A reverse mortgage is a type of mortgage loan that is aimed at older homeowners, usually aged 62 and above. Like most mortgages it allows the borrower to receive funds based on the value and equity of the home or property in exchange for a lien. Unlike other forms of mortgages, monthly mortgage payments are not required as long as the owner continues to reside in the property. Instead, the loan must be repaid when the owner moves out, sells the property, or passes on.
In a reverse mortgage, the borrower can decide the terms of payment. They can choose between a lump sum, monthly payment, a line of credit similar to a HELOC, or a combination of the above.
Because there are no monthly payments in reverse mortgages, interest payments work slightly differently. The interest payments are added to the loan balance on a monthly basis. In certain cases in which a property loses value or the owner resides in the property for many, many years the loan balance can exceed the home’s value. This is rare, however, and in certain countries and regions, such as Canada the loan cannot exceed the home’s fair market value legally.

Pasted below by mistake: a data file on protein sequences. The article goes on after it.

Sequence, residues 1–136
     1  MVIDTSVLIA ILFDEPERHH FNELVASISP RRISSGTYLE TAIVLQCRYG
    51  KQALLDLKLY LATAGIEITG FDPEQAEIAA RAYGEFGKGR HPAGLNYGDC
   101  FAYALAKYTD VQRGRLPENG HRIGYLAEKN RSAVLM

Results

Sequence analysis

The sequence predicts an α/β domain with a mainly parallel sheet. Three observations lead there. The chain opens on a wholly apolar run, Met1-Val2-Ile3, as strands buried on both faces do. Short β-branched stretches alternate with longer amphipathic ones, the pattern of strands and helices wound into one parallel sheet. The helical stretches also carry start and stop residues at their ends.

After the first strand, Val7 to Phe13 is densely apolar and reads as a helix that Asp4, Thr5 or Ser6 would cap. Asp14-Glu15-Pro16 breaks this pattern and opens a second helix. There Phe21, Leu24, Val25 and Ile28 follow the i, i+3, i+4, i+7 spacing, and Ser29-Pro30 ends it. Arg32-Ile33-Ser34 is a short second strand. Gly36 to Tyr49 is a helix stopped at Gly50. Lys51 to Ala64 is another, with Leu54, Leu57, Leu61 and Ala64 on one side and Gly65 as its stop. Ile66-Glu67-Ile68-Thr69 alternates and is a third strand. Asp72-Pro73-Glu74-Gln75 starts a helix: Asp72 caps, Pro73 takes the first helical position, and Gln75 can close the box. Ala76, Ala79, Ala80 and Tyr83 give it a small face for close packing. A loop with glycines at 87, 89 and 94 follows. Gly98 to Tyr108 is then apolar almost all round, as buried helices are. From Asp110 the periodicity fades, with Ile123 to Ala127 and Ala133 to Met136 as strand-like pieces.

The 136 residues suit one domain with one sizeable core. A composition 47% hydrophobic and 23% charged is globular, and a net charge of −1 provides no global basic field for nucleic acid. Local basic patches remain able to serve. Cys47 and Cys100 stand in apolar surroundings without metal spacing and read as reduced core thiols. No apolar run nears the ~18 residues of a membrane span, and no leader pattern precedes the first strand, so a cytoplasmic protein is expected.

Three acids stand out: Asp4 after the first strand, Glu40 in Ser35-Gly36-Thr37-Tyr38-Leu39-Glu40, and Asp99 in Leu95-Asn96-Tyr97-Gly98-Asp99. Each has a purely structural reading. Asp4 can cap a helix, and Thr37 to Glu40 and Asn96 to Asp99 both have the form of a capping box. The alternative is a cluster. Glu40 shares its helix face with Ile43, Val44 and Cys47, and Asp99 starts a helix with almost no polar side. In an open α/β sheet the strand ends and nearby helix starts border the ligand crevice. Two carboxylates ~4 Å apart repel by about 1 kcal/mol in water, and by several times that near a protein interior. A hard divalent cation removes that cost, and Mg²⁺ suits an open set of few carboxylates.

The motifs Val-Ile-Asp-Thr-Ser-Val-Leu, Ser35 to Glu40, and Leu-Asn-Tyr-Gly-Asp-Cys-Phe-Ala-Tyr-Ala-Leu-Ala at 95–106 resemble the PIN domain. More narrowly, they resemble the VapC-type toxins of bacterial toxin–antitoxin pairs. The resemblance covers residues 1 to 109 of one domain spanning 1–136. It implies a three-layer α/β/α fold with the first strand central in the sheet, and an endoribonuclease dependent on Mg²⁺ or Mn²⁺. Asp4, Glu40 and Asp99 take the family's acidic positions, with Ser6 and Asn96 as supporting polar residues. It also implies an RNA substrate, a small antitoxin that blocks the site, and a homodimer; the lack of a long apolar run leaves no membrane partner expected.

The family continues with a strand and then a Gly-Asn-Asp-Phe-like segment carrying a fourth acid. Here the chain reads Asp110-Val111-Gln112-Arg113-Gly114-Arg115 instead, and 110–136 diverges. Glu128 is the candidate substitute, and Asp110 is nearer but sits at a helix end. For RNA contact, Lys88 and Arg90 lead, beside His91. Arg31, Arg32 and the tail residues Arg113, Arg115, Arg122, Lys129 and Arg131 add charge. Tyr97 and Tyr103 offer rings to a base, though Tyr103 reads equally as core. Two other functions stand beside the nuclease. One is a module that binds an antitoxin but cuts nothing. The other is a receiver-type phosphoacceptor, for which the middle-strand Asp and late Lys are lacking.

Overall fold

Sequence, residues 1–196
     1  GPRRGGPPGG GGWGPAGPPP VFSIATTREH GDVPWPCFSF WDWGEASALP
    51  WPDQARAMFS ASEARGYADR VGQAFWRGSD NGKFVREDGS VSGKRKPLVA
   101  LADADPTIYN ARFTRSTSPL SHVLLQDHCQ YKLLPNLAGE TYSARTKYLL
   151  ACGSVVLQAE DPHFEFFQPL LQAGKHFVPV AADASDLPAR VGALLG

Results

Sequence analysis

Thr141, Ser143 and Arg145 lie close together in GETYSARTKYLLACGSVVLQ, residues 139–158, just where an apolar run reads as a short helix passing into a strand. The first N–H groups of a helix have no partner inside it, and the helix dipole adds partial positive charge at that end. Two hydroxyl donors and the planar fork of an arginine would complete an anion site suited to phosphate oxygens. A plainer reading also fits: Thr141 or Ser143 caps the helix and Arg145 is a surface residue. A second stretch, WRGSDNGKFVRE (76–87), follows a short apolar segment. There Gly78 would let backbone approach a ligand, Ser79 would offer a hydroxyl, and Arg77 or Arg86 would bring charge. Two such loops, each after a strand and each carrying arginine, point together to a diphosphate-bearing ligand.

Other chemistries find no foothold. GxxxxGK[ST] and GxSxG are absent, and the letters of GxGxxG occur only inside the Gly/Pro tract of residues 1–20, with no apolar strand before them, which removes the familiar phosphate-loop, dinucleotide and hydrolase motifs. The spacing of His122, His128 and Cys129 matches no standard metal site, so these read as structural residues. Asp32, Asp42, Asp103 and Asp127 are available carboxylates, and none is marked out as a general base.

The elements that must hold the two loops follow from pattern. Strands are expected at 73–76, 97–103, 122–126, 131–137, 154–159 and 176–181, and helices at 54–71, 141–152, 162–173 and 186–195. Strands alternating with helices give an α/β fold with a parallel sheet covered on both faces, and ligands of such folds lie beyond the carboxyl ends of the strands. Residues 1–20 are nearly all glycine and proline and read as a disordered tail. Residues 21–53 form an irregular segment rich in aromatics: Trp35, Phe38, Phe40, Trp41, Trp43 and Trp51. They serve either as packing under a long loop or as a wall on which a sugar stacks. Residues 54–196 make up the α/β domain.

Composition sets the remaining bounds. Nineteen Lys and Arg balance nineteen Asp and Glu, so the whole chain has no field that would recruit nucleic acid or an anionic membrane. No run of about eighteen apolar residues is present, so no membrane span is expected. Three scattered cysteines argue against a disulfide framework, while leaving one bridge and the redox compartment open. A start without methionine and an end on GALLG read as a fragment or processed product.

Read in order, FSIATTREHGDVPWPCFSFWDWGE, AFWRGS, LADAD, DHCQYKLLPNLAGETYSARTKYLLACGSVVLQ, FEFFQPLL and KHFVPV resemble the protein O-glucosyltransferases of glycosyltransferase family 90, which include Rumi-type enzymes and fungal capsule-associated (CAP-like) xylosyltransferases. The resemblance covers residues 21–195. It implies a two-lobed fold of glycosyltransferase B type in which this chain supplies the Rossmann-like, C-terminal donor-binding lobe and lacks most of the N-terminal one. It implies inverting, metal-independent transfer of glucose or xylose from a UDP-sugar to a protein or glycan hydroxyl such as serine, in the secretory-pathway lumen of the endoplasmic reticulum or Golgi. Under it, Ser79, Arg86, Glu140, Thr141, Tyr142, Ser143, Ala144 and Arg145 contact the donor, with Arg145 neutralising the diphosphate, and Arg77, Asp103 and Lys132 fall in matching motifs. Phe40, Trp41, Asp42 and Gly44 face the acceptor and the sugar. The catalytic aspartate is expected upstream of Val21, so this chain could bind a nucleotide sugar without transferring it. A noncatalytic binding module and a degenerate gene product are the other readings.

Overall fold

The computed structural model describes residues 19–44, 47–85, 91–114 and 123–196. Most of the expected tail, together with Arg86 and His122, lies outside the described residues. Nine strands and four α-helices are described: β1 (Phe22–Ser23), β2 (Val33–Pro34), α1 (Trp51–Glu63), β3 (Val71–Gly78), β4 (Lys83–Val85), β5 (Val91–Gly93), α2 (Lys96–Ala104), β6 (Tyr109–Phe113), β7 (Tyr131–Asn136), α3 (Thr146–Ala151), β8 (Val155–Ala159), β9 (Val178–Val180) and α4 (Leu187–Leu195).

Reverse mortgages are most commonly used to assist the elderly in receiving extra monthly funds for living costs. They are also frequently used for renovations, fund age care or to help out their children or grandchildren. Others may choose to use a reverse mortgage to expand a property portfolio at times.